Sunday, December 13, 2009

Tiger should follow Kobe's lead


Here's a little game. Some think-quick questions:

Question: What's the first thing that comes to your mind when I say ... Tiger Woods?

Sample answer: Scandal. Cheater. Idiot. Womanizer. ... Oh, and he's a pretty good golfer, too.

Question: What comes to mind when I mention ... Kobe Bryant?

Answer: One of the NBA's top three players, four-time NBA champion, he finally won without Shaq.

OK, no more games. Here's my point. Right now, and likely for another year or two, no mention of Woods — whether at a business meeting, a cocktail outing or on a party boat — will go without reference to how he completely tarnished his image in the course of two weeks. Regardless of the measures he and his people take to to try to mend his image, the main Tiger conversation will be about his infidelity, his inability to drive out of his driveway and what, exactly, happened involving his beautiful wife, a 9-iron and the back window of his Escalade.

And Tiger deserves all of it. He deserves to be booed at tournaments whenever he returns from his indefinite leave from golf. He deserves to have to answer difficult questions at press conferences and on television. Yes, this is his "private life," but scrutiny of his personal life comes with his fame (along with all those endorsements, cash and black-tie events). Sorry, Tiger.

But there should be, if Tiger can see this far ahead, a place not too far down his career path when Tiger could go back to simply being called the world's greatest golfer and, still a possibility, the best to ever play the game.

Bryant, an athlete of similar fame and achievement, can vouch for such a scenario. In fact, maybe Woods needs to sit down with the Lakers star for advice.

You'd never know it from hearing people casually talk about Bryant today, but six years ago he was in a quagmire similar to Woods' current mess. Quick recap: In the summer of 2003, he was accused of rape. That charge was eventually dismissed, but Bryant admitted to adultery. He had never been exposed for negative off-the-court behavior. No legal issues, no family problems.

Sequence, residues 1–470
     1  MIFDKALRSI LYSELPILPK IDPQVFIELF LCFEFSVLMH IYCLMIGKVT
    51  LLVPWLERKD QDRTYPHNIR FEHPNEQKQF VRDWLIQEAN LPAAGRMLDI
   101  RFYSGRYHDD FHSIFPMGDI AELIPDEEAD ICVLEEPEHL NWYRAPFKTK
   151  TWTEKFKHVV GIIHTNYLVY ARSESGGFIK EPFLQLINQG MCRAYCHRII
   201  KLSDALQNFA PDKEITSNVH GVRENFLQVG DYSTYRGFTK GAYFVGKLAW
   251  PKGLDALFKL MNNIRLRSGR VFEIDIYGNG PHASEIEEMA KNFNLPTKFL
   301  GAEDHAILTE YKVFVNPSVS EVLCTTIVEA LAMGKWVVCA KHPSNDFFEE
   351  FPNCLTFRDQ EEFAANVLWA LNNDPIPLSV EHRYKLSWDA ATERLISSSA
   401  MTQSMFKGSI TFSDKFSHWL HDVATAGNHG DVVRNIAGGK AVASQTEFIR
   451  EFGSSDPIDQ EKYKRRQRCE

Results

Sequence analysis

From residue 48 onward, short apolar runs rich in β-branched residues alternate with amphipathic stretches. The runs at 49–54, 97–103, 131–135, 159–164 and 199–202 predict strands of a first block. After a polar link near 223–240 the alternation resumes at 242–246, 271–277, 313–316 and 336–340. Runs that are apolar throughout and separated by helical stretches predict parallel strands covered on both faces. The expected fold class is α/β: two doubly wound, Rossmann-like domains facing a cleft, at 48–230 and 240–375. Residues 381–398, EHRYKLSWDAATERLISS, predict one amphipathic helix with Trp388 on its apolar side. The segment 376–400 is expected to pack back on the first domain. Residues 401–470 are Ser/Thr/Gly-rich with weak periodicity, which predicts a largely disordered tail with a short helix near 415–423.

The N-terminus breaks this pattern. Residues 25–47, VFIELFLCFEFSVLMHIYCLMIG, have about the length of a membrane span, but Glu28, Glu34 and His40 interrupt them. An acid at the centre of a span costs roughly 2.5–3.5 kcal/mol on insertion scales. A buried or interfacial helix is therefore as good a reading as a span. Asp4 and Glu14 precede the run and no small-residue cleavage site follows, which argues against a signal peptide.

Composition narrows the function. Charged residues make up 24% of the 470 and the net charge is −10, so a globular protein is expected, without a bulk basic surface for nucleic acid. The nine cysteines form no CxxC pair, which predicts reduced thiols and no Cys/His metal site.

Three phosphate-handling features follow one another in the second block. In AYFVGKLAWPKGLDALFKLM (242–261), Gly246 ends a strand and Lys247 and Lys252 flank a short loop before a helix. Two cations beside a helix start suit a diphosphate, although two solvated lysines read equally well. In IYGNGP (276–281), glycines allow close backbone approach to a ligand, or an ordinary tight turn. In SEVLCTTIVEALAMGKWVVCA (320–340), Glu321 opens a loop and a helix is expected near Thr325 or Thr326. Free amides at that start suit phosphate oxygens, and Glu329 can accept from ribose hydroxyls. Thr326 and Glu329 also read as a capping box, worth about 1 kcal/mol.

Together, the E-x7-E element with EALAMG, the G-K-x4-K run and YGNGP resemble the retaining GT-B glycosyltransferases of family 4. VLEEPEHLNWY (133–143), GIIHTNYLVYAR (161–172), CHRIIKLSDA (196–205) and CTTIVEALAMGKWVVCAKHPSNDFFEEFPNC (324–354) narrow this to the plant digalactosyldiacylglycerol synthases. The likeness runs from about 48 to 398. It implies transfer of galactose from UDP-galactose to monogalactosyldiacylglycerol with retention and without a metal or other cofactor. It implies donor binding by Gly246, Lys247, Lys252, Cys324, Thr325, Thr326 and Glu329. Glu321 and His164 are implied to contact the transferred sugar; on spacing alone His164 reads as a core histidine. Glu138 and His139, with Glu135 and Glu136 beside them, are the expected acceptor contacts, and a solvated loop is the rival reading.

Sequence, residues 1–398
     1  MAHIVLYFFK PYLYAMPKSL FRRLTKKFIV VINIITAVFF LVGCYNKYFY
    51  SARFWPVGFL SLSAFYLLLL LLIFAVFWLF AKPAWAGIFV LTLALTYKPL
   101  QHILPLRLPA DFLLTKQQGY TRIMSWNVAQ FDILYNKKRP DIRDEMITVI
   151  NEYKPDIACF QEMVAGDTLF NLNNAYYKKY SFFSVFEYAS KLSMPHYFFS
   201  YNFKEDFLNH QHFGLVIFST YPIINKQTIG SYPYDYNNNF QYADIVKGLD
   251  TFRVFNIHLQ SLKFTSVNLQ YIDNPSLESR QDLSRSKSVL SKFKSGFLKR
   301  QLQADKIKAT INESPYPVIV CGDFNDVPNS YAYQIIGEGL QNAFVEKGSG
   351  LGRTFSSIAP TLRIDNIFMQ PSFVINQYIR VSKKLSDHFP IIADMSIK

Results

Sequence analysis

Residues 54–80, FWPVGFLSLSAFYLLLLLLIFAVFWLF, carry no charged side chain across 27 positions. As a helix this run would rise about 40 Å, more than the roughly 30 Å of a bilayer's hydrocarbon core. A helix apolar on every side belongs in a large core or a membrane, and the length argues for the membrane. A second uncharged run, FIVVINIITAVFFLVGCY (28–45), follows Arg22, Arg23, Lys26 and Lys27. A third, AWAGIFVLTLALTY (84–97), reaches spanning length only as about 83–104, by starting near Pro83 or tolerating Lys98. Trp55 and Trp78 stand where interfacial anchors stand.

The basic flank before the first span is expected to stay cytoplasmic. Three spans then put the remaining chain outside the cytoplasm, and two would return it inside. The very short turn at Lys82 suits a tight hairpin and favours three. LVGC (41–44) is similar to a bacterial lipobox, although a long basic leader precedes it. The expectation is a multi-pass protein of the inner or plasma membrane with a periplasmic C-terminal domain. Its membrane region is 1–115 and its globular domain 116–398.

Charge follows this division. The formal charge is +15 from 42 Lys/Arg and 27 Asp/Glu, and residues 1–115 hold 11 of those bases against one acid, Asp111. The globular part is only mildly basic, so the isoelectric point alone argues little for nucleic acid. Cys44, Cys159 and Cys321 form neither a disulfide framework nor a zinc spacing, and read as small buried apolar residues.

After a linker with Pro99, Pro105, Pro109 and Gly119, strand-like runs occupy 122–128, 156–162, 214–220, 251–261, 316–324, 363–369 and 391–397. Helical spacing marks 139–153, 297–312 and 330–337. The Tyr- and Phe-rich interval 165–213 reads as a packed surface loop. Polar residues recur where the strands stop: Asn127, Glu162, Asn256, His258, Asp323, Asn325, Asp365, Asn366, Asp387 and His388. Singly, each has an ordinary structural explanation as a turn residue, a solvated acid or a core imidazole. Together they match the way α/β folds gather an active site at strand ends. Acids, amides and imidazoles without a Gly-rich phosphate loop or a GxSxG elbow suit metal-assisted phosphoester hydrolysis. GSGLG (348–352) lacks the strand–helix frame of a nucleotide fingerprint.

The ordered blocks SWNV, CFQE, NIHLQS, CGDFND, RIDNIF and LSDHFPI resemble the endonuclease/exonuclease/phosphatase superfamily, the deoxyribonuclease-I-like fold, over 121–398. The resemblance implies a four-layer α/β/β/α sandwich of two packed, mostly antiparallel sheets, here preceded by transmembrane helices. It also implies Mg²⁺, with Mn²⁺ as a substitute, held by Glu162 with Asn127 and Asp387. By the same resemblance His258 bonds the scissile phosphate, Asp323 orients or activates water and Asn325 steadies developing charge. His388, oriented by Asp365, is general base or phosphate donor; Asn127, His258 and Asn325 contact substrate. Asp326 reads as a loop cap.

Just like that, however, Bryant was despised by the American public. Even after he made the right move by holding a tear-filled press conference in which he admitted his infidelity — I'd advise Woods to hold a similar presser and drop some tears while holding his children at the podium — he was booed and heckled at opposing arenas throughout the 2003-04 season as his case progressed. It was a season from hell for the All Star.

But then the case was dismissed. And the Lakers were eliminated from the playoffs. And the lazy days of summer took over.

And by the following fall, the only questions surrounding Bryant were how he'd deal with not playing alongside O'Neal for the first time in his career. Cheating on his wife? A rape charge? ... What??? All in the past. Water under the bridge, kids.

Now, after an NBA title last June, Bryant is once again revered in NBA circles. His teammates love him. His fans absolutely adore him. His jerseys are sold worldwide . His world is one of perfection, almost — kind of like the one Woods inhabited, at least in the public's view, until Thanksgiving.

So, Tiger, I know I'm not one to give you, the man, advice. But it's really simple. If you get back to playing golf and swallow the pills that you deserve. If you find a way to save your marriage and be a good family man (Bryant might recommend a pricey diamond ring; just ask his wife). And if you get back to being the world's supreme golfer and winning majors ... well, that's all anyone will talk about.

And here's the added bonus for you, as you begin this comeback: You play a sport that you can stick with, at a very competitive level, for another 20-plus years. If you do your thing, nobody in 2033 will be talking about your nine (or so) affairs way back in the first decade of the century. PUH-lease! It'll be all about how you broke Jack Nicklaus' majors record with that amazing chip on the 17th hole of the 2016 US Open. And, of course, golf lifers will reminisce about where they were when you won the Open on a broken leg (I'll never forget that I was at a family reunion).

The thing about sports is that they're all about the present. One week, a certain image might capture your attention. The next, you'll have completely forgotten about it thanks to a new amazing moment, a new astounding play.

It'll take awhile for Tiger Woods to get back to being, simply, that amazing golfer (especially while he's on this leave from golf). But after a couple years of dominance on the course, assuming he won't let his personal issues affect his play on the course (he certainly didn't struggle while having these supposed affairs), Woods will return to his old self.

And be thought of as his old self. In other words, Tiger Woods the golfer — not Tiger Woods the very flawed person.


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